The Minnesota Judicial Branch is suspending some housing court proceedings for the next two weeks, as part of their change in operations due to the coronavirus.
Starting March 16, housing court hearings for unpaid rent and unlawful detainers are among the proceedings suspended, according to a news release late Friday.
Minnesota Supreme Court Chief Justice Lorie S. Gildea said in a statement that “the prudent and temporary measures we are implementing balance public safety, the safety of people visiting courthouses, and the safety of our workforce.”
The news release said the courts are discouraging the public from unnecessary visits and encouraging using various technology to conduct hearings. All jury trials currently underway will continue until the trial is complete. Other cases for criminal court, family court, juvenile court and mental health commitment hearings will not be suspended because they’re deemed high priority proceedings.
Tenant advocates in Minnesota were urging the courts to delay eviction proceedings, both to spare people from losing their housing in the midst of a pandemic and reduce one other possible avenue of exposure.
In a letter earlier Friday, Luke Grundman, a managing attorney for housing with Mid-Minnesota Legal Aid, asked Hennepin County District Judge Ivy S. Bernhardson to halt all eviction court proceedings. He said the crowded security lines, elevators, hallways and courtrooms endanger people and failing to change the process “will kill people.”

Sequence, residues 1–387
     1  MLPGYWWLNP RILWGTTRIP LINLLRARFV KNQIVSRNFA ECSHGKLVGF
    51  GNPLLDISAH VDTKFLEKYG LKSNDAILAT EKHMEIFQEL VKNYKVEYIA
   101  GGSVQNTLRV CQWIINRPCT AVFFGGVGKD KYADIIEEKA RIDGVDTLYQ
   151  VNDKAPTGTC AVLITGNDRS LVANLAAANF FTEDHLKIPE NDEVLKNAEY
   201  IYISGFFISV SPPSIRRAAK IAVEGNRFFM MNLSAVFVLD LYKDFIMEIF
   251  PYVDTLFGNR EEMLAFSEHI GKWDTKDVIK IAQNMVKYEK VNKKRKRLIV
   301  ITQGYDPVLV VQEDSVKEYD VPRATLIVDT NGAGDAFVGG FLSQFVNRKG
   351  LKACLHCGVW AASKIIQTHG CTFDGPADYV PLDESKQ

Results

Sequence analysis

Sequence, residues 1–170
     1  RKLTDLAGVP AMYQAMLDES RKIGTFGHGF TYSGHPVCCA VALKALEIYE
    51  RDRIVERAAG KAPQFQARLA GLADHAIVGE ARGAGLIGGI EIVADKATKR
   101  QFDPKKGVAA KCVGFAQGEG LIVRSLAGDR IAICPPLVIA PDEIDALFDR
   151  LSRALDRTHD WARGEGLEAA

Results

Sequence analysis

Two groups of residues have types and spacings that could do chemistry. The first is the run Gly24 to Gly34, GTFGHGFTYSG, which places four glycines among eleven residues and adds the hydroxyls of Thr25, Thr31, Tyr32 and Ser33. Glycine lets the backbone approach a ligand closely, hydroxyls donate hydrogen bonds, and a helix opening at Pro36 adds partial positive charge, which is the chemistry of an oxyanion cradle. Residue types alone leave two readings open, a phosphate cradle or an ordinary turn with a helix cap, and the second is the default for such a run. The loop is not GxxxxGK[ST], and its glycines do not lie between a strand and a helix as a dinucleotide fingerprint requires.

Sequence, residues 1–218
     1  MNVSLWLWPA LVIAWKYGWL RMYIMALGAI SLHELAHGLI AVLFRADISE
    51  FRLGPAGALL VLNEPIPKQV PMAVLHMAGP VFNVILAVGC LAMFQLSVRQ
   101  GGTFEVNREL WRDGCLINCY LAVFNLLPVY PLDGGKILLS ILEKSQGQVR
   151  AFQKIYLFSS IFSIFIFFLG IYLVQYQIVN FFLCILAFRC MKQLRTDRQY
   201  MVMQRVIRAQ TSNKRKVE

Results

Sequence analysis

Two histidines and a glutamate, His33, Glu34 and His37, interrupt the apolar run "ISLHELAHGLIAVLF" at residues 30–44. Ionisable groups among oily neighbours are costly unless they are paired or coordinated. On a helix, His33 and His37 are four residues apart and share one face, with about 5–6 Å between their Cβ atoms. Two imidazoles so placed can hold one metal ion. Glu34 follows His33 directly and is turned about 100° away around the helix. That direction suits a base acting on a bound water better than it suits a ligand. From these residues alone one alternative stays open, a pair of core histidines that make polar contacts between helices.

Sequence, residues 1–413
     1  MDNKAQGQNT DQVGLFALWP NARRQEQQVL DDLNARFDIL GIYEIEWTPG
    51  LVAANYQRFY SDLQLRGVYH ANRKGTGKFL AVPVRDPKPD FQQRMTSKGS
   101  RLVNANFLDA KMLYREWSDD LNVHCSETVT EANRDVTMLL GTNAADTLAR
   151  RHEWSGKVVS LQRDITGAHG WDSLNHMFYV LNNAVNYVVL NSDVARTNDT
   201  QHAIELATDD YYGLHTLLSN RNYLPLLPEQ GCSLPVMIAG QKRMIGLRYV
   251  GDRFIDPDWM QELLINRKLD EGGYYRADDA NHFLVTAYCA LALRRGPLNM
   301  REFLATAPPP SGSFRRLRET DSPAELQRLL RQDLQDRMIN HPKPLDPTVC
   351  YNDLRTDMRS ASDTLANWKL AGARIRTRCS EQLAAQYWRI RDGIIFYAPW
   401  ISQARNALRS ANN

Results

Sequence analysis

“The court system should not force families to suffer the drastic consequences of eviction for families until government implements policies to address the inevitable economic and social consequences of the pandemic,” Grundman said.
The Hennepin County Sheriff’s Office received calls asking that they temporarily stop removing tenants and their property from units, but it’s not a simple fix. Rob Allen, chief of staff for Hennepin Sheriff Dave Hutchinson, said part of the problem is that officers are legally required to help remove tenants from a home once directed to do so.
“In light of everything that’s going on all of our operation are going to be taxed for personnel,” Allen said. “I understand that has to be balanced with the right of property owners but if there’s a way to delay it to change the time frame ... that’s what we’re trying to do.”
The economic uncertainties of the pandemic have hourly workers fearing decreased pay and school closures have caused households to scramble for child care. Late or unpaid rent can lead to an eviction filing alone could also make it harder for residents to find new housing amid the crisis. Evictions often affect low-income households and people of color, according to the Minnesota Housing Finance Agency.
Minneapolis City Council President Lisa Bender said in a news conference Friday that the council is speaking with partners to find “support for people facing eviction, hopefully stop these evictions in Minneapolis and hopefully across the state” amid coronavirus concerns.
Staff writer Liz Navratil contributed to this report.